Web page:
In 2014, the Deputy Assistant Secretary for Science and Technology Innovation (NE-4) initiated the Nuclear Energy-Infrastructure Management Project by tasking the Nuclear Science User Facilities (NSUF) to create a searchable and interactive database of all pertinent NE supported or related infrastructure. This database will be used for analyses to establish needs, redundancies, efficiencies, distributions, etc. in order to best understand the utility of NE’s infrastructure and inform the content of the infrastructure calls. The NSUF developed the database by utilizing data and policy direction from a wide variety of reports from the Department of Energy, the National Research Council, the International Atomic Energy Agency and various other federal and civilian resources. The NEID contains data on 802 R&D instruments housed in 377 facilities at 84 institutions in the US and abroad. A Database Review Panel (DRP) was formed to review and provide advice on the development, implementation and utilization of the NEID. The panel is comprised of five members with expertise in nuclear energy-associated research. It was intended that they represent the major constituencies associated with nuclear energy research: academia, industry, research reactor, national laboratory, and Department of Energy program management. The Nuclear Energy Infrastructure Database Review Panel concludes that the NSUF has succeeded in creating a capability and infrastructure database that identifies and documents the major nuclear energy research and development capabilities across the DOE complex. The effort to maintain and expand the database will be ongoing. Detailed information on many facilities must be gathered from associated institutions added to complete the database. The data must be validated and kept current to capture facility and instrumentation status as well as to cover new acquisitions and retirements.

  6. University/Science Center Collaborations (A Science Center Perspective): Developing an Infrastructure of Partnerships with Science Centers to Support the Engagement of Scientists and Engineers in Education and Outreach for Broad Impact

    NASA Astrophysics Data System (ADS)

    Marshall, Eric

    2009-03-01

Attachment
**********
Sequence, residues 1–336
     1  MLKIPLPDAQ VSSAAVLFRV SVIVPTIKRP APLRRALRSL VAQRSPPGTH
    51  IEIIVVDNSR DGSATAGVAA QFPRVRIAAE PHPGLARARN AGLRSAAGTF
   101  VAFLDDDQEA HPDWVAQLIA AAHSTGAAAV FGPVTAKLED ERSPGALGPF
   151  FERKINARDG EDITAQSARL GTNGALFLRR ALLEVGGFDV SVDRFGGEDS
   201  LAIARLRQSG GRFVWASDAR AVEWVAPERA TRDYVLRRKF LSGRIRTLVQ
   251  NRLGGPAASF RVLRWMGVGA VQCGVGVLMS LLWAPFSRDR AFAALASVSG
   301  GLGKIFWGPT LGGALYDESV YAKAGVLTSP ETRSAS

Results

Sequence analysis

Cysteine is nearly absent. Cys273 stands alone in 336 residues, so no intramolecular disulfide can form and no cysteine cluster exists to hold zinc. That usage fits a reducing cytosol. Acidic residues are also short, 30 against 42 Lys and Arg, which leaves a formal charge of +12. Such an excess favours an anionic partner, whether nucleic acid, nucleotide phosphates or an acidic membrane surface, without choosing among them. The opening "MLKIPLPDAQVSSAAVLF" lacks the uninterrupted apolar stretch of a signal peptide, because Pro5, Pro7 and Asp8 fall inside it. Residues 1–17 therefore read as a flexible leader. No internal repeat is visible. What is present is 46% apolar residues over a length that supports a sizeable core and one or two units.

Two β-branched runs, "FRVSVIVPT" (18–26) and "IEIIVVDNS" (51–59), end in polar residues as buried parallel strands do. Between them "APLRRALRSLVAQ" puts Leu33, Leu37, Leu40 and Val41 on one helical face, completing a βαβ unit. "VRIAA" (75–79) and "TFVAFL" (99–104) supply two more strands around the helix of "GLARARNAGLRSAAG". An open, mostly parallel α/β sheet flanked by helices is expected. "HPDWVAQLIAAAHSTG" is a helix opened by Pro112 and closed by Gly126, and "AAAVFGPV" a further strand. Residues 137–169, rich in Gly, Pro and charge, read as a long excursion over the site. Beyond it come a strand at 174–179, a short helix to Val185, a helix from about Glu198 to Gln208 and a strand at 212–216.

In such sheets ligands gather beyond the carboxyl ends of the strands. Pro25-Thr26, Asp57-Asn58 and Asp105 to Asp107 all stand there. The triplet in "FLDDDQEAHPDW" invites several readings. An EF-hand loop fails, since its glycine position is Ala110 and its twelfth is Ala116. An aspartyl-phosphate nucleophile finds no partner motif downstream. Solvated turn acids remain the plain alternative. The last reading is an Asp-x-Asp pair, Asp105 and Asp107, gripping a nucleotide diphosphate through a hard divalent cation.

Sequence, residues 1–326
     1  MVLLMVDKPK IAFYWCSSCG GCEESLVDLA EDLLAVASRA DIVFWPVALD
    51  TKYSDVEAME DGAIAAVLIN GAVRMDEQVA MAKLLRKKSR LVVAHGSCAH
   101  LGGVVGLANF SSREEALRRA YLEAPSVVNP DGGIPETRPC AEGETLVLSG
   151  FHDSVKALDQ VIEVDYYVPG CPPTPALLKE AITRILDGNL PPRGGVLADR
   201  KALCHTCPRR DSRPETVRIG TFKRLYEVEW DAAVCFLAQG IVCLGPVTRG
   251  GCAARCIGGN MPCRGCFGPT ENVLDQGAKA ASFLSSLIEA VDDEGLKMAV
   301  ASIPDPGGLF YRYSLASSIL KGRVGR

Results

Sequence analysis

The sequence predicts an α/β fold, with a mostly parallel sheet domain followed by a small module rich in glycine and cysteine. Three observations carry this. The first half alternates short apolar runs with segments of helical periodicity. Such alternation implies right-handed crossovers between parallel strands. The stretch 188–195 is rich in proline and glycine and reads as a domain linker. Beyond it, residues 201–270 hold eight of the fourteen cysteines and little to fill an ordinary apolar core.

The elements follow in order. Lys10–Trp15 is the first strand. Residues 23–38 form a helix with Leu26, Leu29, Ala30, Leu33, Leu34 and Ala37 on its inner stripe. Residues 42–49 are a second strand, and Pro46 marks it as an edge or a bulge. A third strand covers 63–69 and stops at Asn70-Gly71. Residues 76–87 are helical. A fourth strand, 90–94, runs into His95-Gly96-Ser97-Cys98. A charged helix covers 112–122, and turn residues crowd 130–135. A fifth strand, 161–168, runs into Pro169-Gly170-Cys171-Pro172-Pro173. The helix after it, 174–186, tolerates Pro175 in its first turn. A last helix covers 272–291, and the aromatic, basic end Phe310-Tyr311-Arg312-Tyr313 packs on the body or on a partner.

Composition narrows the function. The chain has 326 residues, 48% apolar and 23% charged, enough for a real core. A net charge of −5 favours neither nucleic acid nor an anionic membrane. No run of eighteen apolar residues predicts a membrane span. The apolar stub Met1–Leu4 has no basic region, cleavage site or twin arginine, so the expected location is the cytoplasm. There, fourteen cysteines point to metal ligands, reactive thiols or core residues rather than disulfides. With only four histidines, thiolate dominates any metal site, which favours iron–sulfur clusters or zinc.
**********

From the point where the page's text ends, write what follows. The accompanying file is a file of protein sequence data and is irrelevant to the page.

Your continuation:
Science centers, professional associations, corporations and university research centers share the same mission of education and outreach, yet come from ``different worlds.'' This gap may be bridged by working together to leverage unique strengths in partnership. Front-end evaluation results for the development of new resources to support these (mostly volunteer-based) partnerships elucidate the factors which lead to a successful relationship. Maintaining a science museum-scientific community partnership requires that all partners devote adequate resources (time, money, etc.). In general, scientists/engineers and science museum professionals often approach relationships with different assumptions and expectations. The culture of science centers is distinctly different from the culture of science. Scientists/engineers prefer to select how they will ultimately share their expertise from an array of choices. Successful partnerships stem from clearly defined roles and responsibilities. Scientists/engineers are somewhat resistant to the idea of traditional, formal training. Instead of developing new expertise, many prefer to offer their existing strengths and expertise. Maintaining a healthy relationship requires the routine recognition of the contributions of scientists/engineers. As professional societies, university research centers and corporations increasingly engage in education and outreach, a need for a supportive infrastructure becomes evident. Work of TryScience.org/VolTS (Volunteers TryScience), the MRS NISE Net (Nanoscale Informal Science Education Network) subcommittee, NRCEN (NSF Research Center Education Network), the IBM On Demand Community, and IEEE Educational Activities exemplify some of the pieces of this evolving infrastructure.